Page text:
There were 38 different types of cables and chargers in the box. Some of them were probably over 20 years old. Things like monster cables for stereo equipment, firewires from old hard drives, various USB cables and splitters, ethernet cables and about 10 different AC adapters from games, various peripherals, and crap from former cable providers. For the last several years, I’ve been at war with stuff, investing some time to simplify my life. I’ve recently kicked this into high gear. Kelly and I are playing the minimalist game. We will be giving away nearly 1000 things this month alone. I’m constantly amazed at how much crap a family of four can accumulate over the years. Sadly, some of that stuff ends up in a landfill, benefiting no one.

I’ll avoid these mistakes again. The best way to do this is by not replacing the things that we get rid of. I’ll take a hard look at cheap products that are built to be discounted then discarded. I’ll skip the next upgrade cycle on my mobile phone and my computer.

Why can’t more things work like our blender or the microwave? We’ve had both since 1996. Over the years we’ve been tempted to replace them with newer versions but we stuck with them, even repairing the blender once. It’s funny, we probably use these two appliances more than any of the things that have become obsolete. So, my theory now is, if it’s not being used regularly we can probably get rid of it and not replace it.

First world problems Read more…

Living Lean, a 30 Day Giving Challenge.

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By Brad Beckstrom

Many of us forget how much stuff we have lying around, countless drawers, boxes and storage bins, full of unused things. Three years ago I declared war on stuff.  I pictured myself and my family living a simpler, leaner lifestyle.  We’ve been at it ever since, filling up a large box of stuff nearly every month, then like clockwork scheduling a pick-up with Purple Heart.  I keep one large box in the basement and another upstairs so there is never an excuse not to give something away.  You might be thinking, a large box every month for three years, he must’ve been some sort of hoarder.  Sadly no, most people who know me would tell you I’m organized. I guess I’d become pretty good at organizing all the stuff that a family of four accumulates living in the same house for 18 years. I was spending time researching, buying, organizing, cleaning, repairing, storing, and disposing of stuff. It was straight up batshit crazy.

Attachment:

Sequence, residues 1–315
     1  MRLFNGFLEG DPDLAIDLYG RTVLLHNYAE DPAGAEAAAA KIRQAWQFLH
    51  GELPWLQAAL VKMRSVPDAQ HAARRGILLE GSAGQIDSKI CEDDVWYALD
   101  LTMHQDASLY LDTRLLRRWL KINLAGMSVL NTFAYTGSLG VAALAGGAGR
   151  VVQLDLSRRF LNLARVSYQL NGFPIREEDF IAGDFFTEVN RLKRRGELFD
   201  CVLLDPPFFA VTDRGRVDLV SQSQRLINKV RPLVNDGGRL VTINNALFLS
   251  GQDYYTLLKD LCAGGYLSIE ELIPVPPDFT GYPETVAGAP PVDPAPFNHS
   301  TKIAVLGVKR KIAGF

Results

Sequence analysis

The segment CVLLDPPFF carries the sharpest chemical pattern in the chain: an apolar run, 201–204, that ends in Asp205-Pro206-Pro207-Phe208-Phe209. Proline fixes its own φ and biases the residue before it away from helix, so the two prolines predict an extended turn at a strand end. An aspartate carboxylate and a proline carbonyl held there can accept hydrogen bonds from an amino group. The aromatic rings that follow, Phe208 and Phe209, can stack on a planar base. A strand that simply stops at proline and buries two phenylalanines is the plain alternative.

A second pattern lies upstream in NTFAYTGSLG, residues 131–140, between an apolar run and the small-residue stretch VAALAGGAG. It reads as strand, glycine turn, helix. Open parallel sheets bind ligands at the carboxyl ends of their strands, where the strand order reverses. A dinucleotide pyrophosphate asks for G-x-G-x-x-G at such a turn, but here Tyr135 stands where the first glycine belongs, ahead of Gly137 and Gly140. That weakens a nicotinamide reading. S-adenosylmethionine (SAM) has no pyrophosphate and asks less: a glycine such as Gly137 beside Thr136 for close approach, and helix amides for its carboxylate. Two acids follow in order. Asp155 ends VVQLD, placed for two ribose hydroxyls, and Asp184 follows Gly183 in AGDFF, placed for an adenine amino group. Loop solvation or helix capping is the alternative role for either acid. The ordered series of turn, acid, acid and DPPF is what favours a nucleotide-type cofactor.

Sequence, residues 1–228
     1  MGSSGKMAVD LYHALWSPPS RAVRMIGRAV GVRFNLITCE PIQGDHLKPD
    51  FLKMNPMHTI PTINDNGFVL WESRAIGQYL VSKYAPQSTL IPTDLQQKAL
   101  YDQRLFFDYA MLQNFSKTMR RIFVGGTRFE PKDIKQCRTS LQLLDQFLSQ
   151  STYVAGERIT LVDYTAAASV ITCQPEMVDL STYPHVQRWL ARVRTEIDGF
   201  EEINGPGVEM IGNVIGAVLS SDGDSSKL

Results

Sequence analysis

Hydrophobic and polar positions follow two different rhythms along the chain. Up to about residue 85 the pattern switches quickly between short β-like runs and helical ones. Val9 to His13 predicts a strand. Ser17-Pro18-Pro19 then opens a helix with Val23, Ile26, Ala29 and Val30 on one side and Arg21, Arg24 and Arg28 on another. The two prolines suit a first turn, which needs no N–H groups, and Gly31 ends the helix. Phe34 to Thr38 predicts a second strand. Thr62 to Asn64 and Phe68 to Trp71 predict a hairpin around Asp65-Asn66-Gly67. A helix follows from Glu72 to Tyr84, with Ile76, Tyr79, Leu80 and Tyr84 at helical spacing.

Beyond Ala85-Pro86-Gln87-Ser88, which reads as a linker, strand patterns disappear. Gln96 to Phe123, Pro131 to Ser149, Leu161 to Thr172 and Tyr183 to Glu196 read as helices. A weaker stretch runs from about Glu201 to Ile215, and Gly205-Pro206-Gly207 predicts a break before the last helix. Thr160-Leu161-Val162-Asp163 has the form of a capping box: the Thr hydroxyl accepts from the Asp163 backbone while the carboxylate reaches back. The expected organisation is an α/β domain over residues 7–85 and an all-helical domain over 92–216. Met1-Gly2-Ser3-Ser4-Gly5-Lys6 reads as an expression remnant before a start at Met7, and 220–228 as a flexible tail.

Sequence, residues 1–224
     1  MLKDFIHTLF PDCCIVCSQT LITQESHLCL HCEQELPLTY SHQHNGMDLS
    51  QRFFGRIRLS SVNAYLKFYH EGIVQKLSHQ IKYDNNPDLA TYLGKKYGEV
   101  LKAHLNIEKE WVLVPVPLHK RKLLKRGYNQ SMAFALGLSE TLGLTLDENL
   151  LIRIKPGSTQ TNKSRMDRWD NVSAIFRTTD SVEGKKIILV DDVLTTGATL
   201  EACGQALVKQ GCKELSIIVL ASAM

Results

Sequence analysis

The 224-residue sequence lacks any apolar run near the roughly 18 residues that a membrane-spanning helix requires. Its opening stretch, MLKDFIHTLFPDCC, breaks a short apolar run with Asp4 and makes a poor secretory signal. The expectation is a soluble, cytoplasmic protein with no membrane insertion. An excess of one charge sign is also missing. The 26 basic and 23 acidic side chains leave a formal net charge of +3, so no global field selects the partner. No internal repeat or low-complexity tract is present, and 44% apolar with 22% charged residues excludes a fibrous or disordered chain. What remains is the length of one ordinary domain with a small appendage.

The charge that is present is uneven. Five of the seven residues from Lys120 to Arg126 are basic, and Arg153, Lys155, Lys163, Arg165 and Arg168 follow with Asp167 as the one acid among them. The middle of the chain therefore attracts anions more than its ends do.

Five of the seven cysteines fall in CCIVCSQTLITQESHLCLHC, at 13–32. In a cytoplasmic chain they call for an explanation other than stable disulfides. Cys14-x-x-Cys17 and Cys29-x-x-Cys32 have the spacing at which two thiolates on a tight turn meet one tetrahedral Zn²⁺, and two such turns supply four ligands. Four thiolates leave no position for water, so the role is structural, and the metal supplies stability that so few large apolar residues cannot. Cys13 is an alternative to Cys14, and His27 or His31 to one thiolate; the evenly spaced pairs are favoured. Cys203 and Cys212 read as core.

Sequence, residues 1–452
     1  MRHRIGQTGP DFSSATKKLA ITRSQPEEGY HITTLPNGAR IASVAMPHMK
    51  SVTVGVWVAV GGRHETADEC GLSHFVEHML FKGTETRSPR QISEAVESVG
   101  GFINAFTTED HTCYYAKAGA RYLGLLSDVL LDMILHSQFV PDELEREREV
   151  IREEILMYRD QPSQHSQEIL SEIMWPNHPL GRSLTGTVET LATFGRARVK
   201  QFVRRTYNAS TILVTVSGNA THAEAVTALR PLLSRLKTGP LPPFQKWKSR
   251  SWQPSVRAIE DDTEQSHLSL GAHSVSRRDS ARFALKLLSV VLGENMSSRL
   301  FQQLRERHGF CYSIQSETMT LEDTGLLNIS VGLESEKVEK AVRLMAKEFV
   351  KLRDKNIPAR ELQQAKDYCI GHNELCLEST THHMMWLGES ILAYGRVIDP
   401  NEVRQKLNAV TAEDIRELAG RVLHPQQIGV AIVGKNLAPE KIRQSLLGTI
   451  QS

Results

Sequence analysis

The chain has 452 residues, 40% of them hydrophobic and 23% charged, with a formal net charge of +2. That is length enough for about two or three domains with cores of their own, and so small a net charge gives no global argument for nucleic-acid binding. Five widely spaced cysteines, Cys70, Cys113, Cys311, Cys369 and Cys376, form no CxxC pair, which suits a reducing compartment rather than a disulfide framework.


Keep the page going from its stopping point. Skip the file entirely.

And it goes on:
Enter The Minimalists

We’ve made progress controlling our spending on stuff, but sometimes I feel like we’re running in place. Stuff in, Stuff out. This spring it’s time to jump start this process. To do this, I went back to the source, the Minimalists. I met Joshua and Ryan 3 years ago in Fargo, ND. They gave an inspired talk about Minimalism that’s now become a movement and a movie coming out this spring. The most popular essay on their blog is the 30 Day Minimalism Game.

Here’s how it works. Read more…

How to separate wants from needs.

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Putting your wants on a wait list so you can end up with something much better. Time.

By Brad Beckstrom

Have you ever purchased something then regretted it later? I think we all have at some point. I look at all the stuff I’ve been getting rid of over the last few years and there’s some regret there. The regret may be less about what I spent on an item and more about the fact that I purchased something and didn’t use it much. Maybe there is some regret over the time I spent researching, purchasing, storing, and now getting rid of the stuff I didn’t use. Regret that the time involved in all that could’ve been spent much better elsewhere.  If you have a family, you can often multiply this frustration times each family member. You could be spending time having fun together, versus managing stuff in closets, plastic storage bins, basements, and garages.

The Wait List

So, if you want to avoid wasting this time in the future, maybe there’s a new way to go about this.  This stuff problem, this impulse purchase problem. Have you ever walked into a restaurant and been told there’s over an hour wait.  Many of us, instead, use that time to find somewhere else to eat and we often stumble upon something better. That wait list made us think about how we wanted to spend the next hour.

I hear about kids getting wait listed for universities. The university is saying we’re interested in you, but not as much as we’re interested in some of these folks we’ve extended offers to. Those are the people we really want. If those don’t work out, we will get back to you. You’ve been wait listed.

While working, if there’s a lot on your plate, you keep a few to do lists going, prioritize some things each morning and let the less important items fall to the bottom, often fall off the list completely. Read more…